Presidential Debate Preview: Obama, Romney defend their campaign visions on ’60 Minutes’
President Obama and Governor Mitt Romney both sparred with the hosts of ’60 Minutes’ on Sunday evening — facing a series of tough questions that focused on the economy and each candidate’s vision for the next four years.
President Obama has repeatedly said that, “this election presents the clearest choice American’s have seen in more than a generation,” and Sunday’s interview solidified his claim.
Mitt Romney laid out a plan that will shrink government, begin work on crucial entitlement reforms and put Americans back to work. More specifically, he discussed adding means testing to Social Security and Medicare, as well as streamlining the tax code while easing rates by 20 percent across the board.
In addition, Romney made a humble effort to clarify his “47 percent gaffe,” which has been enthusiastically laid on the executioner’s block by the mainstream media.
“I am with 100 percent of America…But not everything I say is elegant.” Romney told Scott Pelley.
In contrast, President Obama took a slightly combative tone as he faced challenging questions from Steve Kroft regarding the sluggish recovery.
Obama began his interview segment with all too familiar “Blame Bush” rhetoric, while attempting to present a credible defense of his last three years in office.
“I think it’s important to know where we’ve been and how far we’ve traveled,” Obama told Kroft. “We came in, made some tough decisions. Everything from stabilizing the financial system to making sure that the auto industry survived…”
When asked about stubbornly high unemployment, President Obama blamed an obstructionist, Republican Congress for preventing the full passage of his JOBS Act. When prodded for details of his vision for the next four years (if re-elected), Obama pledged to do more of the same.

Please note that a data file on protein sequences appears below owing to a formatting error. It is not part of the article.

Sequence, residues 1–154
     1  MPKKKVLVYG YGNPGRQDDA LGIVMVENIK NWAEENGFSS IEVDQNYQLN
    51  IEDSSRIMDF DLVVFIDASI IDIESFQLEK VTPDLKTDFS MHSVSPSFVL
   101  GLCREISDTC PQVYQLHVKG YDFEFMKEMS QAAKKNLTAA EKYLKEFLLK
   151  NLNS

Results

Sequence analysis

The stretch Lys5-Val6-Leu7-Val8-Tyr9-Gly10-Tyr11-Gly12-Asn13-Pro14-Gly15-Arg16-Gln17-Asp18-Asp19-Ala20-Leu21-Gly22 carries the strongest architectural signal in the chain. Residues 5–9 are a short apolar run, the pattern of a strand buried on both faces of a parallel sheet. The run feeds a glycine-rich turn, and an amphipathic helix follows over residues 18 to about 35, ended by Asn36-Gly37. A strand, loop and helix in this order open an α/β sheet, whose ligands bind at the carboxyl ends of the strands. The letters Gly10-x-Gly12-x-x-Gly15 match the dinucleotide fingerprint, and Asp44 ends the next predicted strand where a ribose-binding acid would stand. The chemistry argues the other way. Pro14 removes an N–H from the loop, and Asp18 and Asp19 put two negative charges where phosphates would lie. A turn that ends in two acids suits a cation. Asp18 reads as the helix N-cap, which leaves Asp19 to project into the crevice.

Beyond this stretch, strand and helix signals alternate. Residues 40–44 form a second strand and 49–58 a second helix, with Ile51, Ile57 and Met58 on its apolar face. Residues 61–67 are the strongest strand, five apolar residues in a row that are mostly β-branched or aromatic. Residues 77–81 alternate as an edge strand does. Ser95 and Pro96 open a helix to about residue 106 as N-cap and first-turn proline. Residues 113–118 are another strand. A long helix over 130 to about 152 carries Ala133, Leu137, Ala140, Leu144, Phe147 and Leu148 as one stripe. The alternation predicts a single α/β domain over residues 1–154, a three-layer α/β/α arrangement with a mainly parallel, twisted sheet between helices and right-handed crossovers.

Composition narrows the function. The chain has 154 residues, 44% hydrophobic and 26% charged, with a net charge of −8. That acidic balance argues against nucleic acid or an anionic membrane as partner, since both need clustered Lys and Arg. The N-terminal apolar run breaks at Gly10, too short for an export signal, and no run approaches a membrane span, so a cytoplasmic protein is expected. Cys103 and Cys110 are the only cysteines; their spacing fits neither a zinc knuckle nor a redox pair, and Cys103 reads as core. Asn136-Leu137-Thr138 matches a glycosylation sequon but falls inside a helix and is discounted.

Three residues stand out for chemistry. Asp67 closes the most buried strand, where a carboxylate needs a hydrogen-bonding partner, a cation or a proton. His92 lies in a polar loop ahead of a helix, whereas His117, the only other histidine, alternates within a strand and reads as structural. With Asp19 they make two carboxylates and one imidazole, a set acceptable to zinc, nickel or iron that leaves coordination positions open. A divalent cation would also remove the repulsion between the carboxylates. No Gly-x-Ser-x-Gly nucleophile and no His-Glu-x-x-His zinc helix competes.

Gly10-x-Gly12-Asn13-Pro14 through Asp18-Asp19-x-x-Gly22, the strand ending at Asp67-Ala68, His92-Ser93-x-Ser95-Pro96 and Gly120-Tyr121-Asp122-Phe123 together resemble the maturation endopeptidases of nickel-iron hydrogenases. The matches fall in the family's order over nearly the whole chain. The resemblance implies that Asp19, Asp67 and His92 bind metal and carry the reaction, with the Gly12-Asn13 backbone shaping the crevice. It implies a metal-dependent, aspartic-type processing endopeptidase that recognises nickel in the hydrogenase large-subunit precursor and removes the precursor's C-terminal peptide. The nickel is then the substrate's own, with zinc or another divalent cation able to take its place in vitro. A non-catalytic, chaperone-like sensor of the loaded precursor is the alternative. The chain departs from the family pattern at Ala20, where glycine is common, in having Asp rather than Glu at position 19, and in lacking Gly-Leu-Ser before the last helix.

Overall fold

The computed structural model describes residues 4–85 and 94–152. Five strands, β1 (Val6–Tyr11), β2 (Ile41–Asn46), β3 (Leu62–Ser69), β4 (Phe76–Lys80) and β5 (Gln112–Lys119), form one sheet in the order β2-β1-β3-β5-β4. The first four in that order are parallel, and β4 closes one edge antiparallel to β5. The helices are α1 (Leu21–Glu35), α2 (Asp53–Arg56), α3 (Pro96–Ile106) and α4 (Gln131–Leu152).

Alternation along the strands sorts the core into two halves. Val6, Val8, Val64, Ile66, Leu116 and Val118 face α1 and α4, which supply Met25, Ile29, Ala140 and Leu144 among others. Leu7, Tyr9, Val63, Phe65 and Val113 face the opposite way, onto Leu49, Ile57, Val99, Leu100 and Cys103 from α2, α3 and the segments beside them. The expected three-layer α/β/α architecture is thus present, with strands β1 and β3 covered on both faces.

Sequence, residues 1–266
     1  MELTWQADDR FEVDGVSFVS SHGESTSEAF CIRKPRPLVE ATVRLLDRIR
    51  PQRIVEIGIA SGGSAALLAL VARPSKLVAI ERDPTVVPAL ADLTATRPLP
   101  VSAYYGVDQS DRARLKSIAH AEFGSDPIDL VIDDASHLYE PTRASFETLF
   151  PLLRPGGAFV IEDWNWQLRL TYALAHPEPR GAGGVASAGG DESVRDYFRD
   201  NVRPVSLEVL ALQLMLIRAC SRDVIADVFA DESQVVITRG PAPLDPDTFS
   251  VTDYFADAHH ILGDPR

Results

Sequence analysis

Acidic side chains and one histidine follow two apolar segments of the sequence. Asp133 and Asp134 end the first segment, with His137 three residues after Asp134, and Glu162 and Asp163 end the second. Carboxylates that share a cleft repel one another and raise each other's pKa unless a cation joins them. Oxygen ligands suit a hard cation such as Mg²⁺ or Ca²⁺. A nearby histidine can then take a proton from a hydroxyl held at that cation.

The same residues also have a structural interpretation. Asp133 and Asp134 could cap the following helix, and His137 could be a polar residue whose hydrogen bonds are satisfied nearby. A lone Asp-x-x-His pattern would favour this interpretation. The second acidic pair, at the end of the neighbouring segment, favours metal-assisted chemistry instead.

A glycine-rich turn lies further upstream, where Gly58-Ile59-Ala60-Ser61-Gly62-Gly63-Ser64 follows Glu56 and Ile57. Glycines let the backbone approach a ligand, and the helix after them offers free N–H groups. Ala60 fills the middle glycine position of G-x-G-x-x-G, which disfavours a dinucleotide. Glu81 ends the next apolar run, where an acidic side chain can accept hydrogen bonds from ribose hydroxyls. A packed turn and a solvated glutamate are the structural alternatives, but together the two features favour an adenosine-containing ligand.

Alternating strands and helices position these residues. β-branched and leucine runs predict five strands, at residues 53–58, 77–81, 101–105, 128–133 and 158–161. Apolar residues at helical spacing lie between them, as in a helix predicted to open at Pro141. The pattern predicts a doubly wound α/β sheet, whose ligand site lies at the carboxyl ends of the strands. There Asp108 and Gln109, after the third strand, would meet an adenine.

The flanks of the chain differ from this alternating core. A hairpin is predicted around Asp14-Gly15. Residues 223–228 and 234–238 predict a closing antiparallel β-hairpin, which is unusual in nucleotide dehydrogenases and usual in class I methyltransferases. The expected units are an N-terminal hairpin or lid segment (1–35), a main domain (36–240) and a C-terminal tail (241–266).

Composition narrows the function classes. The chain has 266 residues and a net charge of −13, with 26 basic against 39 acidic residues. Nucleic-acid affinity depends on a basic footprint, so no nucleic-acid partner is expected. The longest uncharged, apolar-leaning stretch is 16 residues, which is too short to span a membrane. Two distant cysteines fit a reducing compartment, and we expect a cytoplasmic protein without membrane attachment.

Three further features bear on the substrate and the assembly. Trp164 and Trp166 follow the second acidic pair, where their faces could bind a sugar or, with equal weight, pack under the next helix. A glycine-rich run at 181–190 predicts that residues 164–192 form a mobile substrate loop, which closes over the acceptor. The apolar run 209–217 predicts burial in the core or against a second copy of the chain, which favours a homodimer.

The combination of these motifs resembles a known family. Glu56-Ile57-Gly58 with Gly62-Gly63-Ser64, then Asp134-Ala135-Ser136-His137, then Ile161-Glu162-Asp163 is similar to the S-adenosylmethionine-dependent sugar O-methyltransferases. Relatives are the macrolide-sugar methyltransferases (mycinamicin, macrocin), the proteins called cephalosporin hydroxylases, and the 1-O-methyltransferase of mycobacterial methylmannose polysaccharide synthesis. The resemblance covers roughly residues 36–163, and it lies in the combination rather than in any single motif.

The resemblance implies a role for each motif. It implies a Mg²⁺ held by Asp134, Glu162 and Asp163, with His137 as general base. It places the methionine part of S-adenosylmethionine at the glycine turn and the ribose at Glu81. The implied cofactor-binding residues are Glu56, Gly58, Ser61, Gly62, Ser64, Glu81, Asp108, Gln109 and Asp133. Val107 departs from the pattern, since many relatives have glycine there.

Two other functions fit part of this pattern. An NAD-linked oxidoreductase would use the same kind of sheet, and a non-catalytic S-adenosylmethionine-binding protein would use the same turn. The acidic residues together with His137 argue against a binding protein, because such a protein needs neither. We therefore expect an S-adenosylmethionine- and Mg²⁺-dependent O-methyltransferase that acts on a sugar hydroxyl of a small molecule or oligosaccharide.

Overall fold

“Do we keep moving forward and continue to make progress, or do we go backwards to the very policies that got us into this mess in the first place? The problem that Gov. Romney has is that he seems to only have one note: tax cuts for the wealthy and rolling back regulations as a recipe for success. Well, we tried that vigorously between 2001 and 2008. And it didn’t work out so well.” Obama asserted.
While the President’s comments work well as lofty rhetoric, they do not hold up well when faced with facts.
Obama’s repetitive blaming of deregulation is blatantly wrong in two ways. First, there was no period of real “deregulation” under the Bush administration. In fact, Clinton’s administration passed MORE “deregulations” than former President Bush did.
During Clinton’s years in office, the SEC released nine substantive rules that lessened regulatory burden on the financial sector. However, under the Bush administration, the SEC released only eight similar rules, which debunks the myth that 2001 to 2008 was a period of “radical deregulation.”
Likewise, independent economists and former President Clinton himself have claimed that deregulations during the late 1990s and 2000s helped to mitigate the financial crisis, rather than cause it. While it is true that President Bush lowered tax rates for the wealthiest Americans by 3.6 percent, he also lowered rates for all brackets across the board with the “Bush-era tax cuts,” which were not responsible for the recession either.
The financial crisis in 2008 was brought about by government polices which distorted prices in the housing market by incentivizing banks to offer risky loans to borrowers who could not repay them. Government INTERVENTION in the free-market brought about our present crisis, not the other way around.
Yet, Obama argues that more intervention by an even larger government is the only cure for America’s economic malaise. From healthcare to student loans, the President is committed to growing the role of government in the daily lives of individuals and trampling on the possibilities that a true, free-market economy can offer.
Governor Romney offers a clear alternative to the President’s proven vision for the United States.
When Scott Pelley asked the Governor what “big idea” (or) “vision” he has for the United States going forward, Romney answered with one word.
“I want to restore the kind of freedom that has always driven America’s economy. And that’s allowed us to be the shining city on the hill. The kind of freedom that has brought people here from all over the world…I want the best and brightest to say America’s the place of opportunity, because of the freedom there to pursue your dreams. So my message is restore the kind of freedom that allows America to lead the world.”